The Literary Salon

A free salon wherein patrons and passers-by may view or contribute ideas on literary and generally intellectual matters. The blog will strive to maintain its commitment to wit, humour and perspicuous analysis.

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Location: Toronto, now Ottawa, Ont, Canada

Thursday, April 27, 2006

Brief thoughts on the Canon

This will (I assume) interest only those in the field of belles lettres or literature: The Canon, which has been under attack in recent years from all sides. Briefly, for those who are in other fields, I will define the Canon as that body of literature which is, and has been, considered as the very best ever produced. Thus: Shakespeare, Dante, Milton, etc, etc.
I believe Roger Kuin has a similar response to those who insist that it is nothing but a conspiracy perpetrated by upper class white guys protecting dead white guys. I certainly agree that it is not something that was determined overnight at some secret board meeting. I think it can be likened to the notion of laissez-faire, that is, the Canon has natural forces acting upon it, as it were.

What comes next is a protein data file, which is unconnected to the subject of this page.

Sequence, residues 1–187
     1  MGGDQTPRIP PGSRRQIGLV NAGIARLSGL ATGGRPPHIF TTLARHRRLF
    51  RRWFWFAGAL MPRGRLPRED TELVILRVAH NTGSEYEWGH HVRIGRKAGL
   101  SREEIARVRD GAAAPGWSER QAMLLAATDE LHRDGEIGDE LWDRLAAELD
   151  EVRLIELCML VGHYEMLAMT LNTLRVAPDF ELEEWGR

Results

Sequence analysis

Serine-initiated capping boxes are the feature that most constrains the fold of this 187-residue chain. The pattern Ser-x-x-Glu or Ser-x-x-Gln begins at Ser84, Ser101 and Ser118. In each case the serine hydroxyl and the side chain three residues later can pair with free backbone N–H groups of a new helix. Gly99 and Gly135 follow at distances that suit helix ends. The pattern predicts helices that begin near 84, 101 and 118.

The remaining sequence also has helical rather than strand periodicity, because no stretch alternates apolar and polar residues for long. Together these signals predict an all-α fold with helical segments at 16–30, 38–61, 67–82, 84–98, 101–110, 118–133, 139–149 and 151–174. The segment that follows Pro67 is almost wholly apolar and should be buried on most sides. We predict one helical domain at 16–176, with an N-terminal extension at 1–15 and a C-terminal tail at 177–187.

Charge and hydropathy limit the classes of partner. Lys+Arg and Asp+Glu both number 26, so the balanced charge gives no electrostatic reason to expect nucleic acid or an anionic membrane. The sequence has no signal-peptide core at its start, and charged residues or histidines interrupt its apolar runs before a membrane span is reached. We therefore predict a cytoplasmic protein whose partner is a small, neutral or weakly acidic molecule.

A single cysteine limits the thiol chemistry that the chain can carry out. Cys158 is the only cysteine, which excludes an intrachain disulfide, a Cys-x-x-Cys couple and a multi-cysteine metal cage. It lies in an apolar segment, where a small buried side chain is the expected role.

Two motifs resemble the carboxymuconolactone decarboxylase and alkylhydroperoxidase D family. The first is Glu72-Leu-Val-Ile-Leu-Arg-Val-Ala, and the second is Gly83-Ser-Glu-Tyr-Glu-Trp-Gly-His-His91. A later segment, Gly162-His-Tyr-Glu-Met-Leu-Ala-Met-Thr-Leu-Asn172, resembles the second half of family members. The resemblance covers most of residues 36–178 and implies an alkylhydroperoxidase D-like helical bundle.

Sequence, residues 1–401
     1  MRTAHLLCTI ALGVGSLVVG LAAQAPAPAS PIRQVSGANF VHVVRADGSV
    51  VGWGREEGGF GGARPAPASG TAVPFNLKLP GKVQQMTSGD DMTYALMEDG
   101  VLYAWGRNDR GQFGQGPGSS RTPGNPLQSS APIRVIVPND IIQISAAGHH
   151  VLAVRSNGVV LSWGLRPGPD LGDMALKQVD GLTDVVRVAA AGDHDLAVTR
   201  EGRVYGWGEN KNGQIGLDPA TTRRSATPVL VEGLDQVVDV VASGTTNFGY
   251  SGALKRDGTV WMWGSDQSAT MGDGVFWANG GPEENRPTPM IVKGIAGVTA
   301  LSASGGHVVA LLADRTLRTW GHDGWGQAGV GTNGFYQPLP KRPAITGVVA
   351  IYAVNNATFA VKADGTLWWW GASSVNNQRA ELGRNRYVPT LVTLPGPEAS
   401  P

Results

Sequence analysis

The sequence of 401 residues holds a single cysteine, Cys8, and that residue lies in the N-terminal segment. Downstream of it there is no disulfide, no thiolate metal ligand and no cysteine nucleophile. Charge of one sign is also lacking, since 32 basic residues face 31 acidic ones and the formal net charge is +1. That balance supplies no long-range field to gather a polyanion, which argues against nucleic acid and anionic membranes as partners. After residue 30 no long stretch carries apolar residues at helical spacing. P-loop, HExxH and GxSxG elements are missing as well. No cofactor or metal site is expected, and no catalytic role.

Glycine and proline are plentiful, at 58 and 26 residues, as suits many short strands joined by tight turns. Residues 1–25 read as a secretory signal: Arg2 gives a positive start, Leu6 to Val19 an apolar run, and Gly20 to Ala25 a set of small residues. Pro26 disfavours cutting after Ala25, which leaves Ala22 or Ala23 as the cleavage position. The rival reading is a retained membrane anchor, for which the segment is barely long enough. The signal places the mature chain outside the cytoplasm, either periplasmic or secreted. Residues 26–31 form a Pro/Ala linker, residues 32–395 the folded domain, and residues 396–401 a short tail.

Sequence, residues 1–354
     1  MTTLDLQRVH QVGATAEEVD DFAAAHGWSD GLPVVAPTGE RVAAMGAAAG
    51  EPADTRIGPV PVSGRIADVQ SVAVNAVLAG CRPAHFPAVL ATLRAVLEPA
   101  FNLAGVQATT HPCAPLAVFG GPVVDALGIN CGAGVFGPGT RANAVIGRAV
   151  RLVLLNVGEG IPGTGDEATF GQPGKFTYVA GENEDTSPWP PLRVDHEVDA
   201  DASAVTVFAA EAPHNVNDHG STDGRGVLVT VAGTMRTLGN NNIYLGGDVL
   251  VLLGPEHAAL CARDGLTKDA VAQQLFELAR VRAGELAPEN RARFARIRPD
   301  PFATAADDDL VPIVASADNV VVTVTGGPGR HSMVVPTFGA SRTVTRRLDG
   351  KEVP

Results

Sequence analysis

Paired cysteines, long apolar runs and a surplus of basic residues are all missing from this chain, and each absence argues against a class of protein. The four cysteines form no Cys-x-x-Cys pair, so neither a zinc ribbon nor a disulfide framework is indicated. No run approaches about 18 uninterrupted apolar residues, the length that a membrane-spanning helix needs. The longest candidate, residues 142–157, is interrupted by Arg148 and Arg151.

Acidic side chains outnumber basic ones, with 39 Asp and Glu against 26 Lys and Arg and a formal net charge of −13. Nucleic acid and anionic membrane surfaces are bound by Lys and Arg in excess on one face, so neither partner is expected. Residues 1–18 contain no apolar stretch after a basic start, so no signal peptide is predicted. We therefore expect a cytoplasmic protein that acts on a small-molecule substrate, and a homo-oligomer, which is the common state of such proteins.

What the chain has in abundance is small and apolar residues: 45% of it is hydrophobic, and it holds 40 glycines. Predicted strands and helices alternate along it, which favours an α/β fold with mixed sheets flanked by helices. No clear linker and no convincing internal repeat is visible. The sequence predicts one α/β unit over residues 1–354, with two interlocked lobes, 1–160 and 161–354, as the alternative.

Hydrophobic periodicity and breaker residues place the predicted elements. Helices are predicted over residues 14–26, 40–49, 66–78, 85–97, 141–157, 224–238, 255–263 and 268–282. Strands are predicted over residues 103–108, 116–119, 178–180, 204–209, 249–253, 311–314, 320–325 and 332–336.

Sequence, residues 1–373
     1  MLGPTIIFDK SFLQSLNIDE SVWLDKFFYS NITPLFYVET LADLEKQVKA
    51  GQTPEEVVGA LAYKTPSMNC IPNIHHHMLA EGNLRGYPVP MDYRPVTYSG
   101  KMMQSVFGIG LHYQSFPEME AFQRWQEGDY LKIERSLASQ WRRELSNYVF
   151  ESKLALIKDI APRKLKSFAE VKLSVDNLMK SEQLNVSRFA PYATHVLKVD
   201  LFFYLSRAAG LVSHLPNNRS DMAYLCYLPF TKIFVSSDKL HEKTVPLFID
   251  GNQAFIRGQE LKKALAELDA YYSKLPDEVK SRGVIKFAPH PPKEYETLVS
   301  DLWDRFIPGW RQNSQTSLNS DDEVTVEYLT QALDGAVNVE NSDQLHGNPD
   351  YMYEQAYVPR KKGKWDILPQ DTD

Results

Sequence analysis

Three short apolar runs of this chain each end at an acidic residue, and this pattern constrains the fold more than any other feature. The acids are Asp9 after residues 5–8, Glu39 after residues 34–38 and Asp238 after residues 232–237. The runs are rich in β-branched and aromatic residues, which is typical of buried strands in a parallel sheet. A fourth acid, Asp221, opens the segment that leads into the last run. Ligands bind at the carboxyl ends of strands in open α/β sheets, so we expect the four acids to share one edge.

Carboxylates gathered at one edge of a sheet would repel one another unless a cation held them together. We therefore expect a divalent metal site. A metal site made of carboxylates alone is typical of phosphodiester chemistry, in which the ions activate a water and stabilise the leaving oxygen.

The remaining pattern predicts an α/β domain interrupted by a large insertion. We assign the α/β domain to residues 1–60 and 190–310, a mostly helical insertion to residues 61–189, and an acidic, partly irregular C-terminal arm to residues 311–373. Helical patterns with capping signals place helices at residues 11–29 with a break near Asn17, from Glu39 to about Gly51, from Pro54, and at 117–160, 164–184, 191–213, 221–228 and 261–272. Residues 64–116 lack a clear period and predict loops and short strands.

Of course, Canonization isn't perfect, and I believe I have an argument that should seriously weaken the claims of those naysayers. The latter claim that non-Anglo writers of colour (or of the feminine sex) have been victimized, and hence consigned to oblivion, by this conspiracy. However, there is one thing they forget: more dead white males have have "suffered" at the hands of canonization than any other group. In my own area of Restoration-18th century poetry: who now remembers William Cowley, Edmund Waller, William Cowper, Thomas Gray, James Thomson, and half the poets Samuel Johnson wrote about in his Lives?


Anonymous RK said...

You may be happy to hear that most of the students in my 2110 Intro to Poetry course this last year loved Gray's Elegy. DWEMS rule!

11:09 p.m.  

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